So the next time we find ourselves preoccupied with dirty dishes, concern over the current state of mess, or discouraged by an endless to-do list, take a breather and remember that it will all get done. Enlist help, encourage cooperation, whistle while you work… but don’t miss out on the kid right in front of you (or they might end up going after dog poop).

To be present is to be engaged with body and mind. If we hope to parent our kids with intentionality to raise children who will make a difference in the world, let’s jump in and be fully present to make a difference in their world!

Back to School Traditions

It’s back to school season and although this is the first time in thirty years that I don’t actually have a first day of school (after teaching for eight years, I’m trying the stay-at-home mom gig!), I can’t help but get caught up in the excitement and anticipation. But, I am new at this whole school traditions thing. And in the world of posing, posting, and Pinterest, I am way out of my league.

Picture me at the end of last school year. My 3-year-old son was concluding his time with Miss Ann, our dearest friend who had watched him since he was 12 weeks old. After I made the irreversible mistake of going onto Pinterest late one evening, I found myself digging through Declan’s bookshelves by the light of my phone. I was looking, of course, for none other than Oh, The Places You’ll Go, Dr. Seuss’ old classic that has more recently been propelled to the forefront of graduation gifts. As a teacher, I have signed countless copies for students that will then be passed on to future teachers and eventually gifted to the child when he or she graduates.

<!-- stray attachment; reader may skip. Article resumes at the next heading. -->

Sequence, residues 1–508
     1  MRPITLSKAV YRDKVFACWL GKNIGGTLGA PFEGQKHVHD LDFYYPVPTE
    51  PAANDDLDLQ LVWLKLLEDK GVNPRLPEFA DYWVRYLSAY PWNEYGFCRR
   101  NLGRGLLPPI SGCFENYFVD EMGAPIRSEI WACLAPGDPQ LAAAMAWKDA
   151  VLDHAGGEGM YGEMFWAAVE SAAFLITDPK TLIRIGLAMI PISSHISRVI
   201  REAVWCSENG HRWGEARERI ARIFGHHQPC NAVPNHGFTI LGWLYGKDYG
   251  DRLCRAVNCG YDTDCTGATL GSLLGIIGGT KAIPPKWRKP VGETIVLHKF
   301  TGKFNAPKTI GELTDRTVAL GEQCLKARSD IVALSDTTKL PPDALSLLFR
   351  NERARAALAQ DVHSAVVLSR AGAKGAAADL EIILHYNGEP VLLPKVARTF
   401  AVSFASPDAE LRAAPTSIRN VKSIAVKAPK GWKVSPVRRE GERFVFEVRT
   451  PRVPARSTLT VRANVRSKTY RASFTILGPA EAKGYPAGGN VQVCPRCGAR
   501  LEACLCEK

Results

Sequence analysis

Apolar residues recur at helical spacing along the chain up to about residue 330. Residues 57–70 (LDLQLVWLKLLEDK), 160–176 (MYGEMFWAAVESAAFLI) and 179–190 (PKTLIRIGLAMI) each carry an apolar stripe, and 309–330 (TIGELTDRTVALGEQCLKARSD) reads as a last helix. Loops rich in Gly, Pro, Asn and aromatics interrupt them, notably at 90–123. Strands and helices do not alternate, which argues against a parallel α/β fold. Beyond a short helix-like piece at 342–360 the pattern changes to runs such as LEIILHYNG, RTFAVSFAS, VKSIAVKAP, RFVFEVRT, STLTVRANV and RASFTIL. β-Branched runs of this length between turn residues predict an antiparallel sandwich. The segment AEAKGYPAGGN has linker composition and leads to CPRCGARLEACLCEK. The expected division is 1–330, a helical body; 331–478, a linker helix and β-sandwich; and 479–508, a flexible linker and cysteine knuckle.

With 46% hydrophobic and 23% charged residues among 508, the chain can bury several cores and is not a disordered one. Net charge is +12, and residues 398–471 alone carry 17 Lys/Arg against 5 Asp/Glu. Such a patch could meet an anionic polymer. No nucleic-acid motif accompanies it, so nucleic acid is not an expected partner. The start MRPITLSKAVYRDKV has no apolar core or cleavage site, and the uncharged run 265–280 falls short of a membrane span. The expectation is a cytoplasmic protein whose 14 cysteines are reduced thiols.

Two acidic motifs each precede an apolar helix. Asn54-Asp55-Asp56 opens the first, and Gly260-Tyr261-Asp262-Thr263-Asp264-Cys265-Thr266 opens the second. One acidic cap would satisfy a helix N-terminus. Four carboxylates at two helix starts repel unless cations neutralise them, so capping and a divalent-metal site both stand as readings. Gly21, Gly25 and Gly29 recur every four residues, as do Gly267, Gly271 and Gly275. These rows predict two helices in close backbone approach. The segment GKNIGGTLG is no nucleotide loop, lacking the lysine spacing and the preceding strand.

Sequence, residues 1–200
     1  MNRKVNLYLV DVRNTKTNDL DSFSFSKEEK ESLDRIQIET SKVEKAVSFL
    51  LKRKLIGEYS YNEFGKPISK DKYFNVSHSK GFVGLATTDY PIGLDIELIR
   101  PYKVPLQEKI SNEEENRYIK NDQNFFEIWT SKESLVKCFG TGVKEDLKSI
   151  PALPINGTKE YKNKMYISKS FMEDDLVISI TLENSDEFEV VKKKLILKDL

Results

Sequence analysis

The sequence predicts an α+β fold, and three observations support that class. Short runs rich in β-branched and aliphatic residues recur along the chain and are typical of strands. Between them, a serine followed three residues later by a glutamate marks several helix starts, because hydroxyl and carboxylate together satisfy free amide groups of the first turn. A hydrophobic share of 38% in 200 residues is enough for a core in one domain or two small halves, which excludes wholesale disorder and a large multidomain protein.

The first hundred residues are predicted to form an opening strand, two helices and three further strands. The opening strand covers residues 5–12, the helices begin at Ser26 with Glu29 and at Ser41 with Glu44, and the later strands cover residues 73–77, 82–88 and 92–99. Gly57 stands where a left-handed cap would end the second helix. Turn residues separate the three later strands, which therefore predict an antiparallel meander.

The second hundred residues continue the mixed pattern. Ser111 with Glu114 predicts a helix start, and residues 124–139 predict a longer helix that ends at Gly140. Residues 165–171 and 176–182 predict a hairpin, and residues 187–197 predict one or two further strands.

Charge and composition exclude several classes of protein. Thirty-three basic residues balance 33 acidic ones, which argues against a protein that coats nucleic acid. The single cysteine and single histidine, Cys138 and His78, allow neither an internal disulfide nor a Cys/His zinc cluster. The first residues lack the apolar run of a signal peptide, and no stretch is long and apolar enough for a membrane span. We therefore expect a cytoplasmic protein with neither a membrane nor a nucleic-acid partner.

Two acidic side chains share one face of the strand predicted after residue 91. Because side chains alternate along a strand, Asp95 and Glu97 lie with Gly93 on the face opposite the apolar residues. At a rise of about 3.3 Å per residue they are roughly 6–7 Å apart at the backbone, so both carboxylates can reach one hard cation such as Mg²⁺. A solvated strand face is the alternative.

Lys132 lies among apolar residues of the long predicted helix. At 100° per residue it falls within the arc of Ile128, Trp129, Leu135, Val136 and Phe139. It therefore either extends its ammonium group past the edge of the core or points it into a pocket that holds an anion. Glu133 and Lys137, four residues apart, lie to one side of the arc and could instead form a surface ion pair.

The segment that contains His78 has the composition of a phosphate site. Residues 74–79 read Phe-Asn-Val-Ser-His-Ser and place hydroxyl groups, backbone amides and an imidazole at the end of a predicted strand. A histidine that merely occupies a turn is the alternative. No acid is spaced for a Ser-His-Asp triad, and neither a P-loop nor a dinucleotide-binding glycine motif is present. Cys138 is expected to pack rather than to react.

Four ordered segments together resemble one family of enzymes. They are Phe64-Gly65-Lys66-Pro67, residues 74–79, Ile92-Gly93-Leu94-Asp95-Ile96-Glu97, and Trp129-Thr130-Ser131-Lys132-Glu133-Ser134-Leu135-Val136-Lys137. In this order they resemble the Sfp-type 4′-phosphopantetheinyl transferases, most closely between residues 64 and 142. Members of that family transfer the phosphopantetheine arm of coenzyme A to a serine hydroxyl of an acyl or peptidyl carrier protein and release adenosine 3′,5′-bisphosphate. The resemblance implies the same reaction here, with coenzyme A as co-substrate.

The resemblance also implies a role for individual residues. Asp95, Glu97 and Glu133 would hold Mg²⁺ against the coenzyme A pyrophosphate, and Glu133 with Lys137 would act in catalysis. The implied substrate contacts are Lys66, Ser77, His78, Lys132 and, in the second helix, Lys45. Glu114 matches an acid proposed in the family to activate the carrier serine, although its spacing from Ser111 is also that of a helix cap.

Why then had I not begun to prepare adequately for my own child??

When my husband found me frantically searching through my then six-month-old’s room for a book, I realized I had perhaps taken the tradition thing a bit too far. Now, traditions are great. They can actually really help our kids feel secure in their family identity, especially around holidays and yearly rituals like going back to school. But to risk waking a sleeping infant? Well, that might have been a bit much.

I decided several things that night that I hope will help me (and maybe you!) think through the tradition choosing more carefully this year. And remember, it’s never too late to start!